Digital Media Options

Photo of finished compact discs

Your choices of finished media include:

Music CD:

Music CD's are the most popular choice, as they are usable in all CD players. Your CD's can be produced with or without CD Text.

mp3 or mp4 CD/DVD:

These are often used in portable music players, such as the iPod. This type of CD or DVD is referred to as a Data CD or Data DVD; a Data DVD is not the same as a Movie DVD that you would play in your TV-connected DVD player.

mp3's and mp4's are single data files that you can simply "copy" to your computer's music folder or USB memory stick, or send as an email attachment. Your choice of mp3 or mp4 (or both) depends on your intended use, and also on the capabilities of a player you might like to use. Whether your files are produced on a CD or DVD largely depends on the amount of music: Data CD's hold up to 700MB, and Data DVD's hold up to 4.3GB. Some distinctions between mp3 and mp4 follow:


This is a proprietary compressed digital audio format. mp3's can be produced in different resolutions (higher resolutions have larger file sizes) depending on your requirements. Recently, though, mp4's have become preferable due to their improved quality.


This compressed media format was developed by Apple, and can contain both HD video and multi-channel audio together in one file. Its audio quality is considered superior to that of the mp3 and Music CD. Audio-only mp4's are more-correctly called m4a's (mp4-audio). The mp4 format is not proprietary, and you can convert uncompressed WAV files, for example, to m4a files with Apple's inexpensive "QuickTime Pro" player. Like mp3's, mp4's can be produced in a variety of resolutions. We can provide m4a audio files on Data-CD or Data-DVD.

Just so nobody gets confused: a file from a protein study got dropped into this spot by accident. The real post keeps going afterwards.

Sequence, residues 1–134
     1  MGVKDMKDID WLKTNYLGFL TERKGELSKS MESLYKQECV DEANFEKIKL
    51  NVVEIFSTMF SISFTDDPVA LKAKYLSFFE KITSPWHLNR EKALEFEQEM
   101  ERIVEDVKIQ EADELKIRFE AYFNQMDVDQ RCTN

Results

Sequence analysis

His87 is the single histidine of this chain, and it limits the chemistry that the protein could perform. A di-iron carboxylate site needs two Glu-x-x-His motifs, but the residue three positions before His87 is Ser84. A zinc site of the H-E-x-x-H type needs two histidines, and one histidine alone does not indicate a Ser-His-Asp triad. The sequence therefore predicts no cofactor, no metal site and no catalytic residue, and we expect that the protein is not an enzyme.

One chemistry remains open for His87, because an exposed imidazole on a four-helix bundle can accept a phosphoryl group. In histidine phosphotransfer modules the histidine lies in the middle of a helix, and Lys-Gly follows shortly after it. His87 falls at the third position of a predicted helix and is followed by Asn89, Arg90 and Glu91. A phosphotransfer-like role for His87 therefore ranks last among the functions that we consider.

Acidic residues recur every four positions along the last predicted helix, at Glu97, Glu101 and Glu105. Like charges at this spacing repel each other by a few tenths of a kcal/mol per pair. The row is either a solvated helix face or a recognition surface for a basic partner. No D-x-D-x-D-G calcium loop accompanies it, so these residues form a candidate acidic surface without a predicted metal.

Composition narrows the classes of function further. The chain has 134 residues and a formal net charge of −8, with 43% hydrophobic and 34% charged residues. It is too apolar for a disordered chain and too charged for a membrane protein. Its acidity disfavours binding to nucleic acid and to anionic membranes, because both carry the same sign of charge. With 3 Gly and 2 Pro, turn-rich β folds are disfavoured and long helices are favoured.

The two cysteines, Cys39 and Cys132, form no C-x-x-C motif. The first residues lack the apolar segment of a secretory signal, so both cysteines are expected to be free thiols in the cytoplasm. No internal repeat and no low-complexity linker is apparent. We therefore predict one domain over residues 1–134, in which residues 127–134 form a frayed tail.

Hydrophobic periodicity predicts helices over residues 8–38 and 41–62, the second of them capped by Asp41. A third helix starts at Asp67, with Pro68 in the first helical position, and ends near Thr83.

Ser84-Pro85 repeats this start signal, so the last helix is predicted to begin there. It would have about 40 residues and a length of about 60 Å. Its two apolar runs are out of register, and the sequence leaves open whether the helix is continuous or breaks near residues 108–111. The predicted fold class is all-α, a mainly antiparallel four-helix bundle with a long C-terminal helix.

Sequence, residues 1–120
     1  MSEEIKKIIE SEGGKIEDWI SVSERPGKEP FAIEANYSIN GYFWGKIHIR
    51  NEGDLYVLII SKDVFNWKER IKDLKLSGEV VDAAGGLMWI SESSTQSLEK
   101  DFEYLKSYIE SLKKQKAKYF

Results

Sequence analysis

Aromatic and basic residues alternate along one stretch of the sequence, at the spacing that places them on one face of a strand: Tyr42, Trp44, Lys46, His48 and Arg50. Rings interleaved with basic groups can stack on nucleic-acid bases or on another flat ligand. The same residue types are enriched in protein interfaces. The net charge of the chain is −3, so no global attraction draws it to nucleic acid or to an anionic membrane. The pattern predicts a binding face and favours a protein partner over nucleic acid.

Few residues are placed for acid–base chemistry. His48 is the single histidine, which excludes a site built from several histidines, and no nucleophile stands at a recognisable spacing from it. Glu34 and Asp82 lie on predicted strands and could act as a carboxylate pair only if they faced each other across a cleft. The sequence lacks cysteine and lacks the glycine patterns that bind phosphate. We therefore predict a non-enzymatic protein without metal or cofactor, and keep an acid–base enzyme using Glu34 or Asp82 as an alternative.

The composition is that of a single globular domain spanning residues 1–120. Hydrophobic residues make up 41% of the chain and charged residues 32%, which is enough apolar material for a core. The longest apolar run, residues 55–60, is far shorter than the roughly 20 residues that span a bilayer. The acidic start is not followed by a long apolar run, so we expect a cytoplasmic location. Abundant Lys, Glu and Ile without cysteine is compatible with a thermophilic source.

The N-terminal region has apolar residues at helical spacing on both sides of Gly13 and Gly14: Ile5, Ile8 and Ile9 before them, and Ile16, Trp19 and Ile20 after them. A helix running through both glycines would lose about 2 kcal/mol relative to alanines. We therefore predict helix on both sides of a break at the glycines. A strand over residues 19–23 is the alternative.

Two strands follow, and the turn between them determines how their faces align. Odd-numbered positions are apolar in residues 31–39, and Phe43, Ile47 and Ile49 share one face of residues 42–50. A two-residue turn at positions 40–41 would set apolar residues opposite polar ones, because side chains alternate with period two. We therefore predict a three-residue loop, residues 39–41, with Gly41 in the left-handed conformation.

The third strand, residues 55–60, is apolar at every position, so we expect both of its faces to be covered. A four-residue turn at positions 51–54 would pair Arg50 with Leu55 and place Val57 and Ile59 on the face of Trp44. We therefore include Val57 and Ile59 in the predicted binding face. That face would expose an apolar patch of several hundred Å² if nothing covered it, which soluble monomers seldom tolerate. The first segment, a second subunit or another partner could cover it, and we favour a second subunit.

This is Microsoft's digital audio format, and one of the formats used by Windows Media Player. These files are provided on Data-CD or Data-DVD.


This is a high-quality, uncompressed digital audio format, and is suitable for archive or mastering use. We typically provide these at 96khz sampling rate with 24-bit resolution, but can also provide up to 192khz with 24-bit resolution. Since these files are large, they're usually provided on Data DVD's.


This is a proprietary, high-definition digital audio/video format originally developed by Panasonic. It requires a DVD player specifically designed to play DVD-Audio discs; some newer DVD players called "universal" players support DVD-Audio. Many consider the DVD-Audio format superior to its competitor, Sony/Philips' SACD (Super Audio CD), but the music industry has mostly sided with SACD. DVD-Audio discs can be produced for you if you have access to a DVD-Audio player.

©Copyright 2002, 2011
Evergreen Computer Services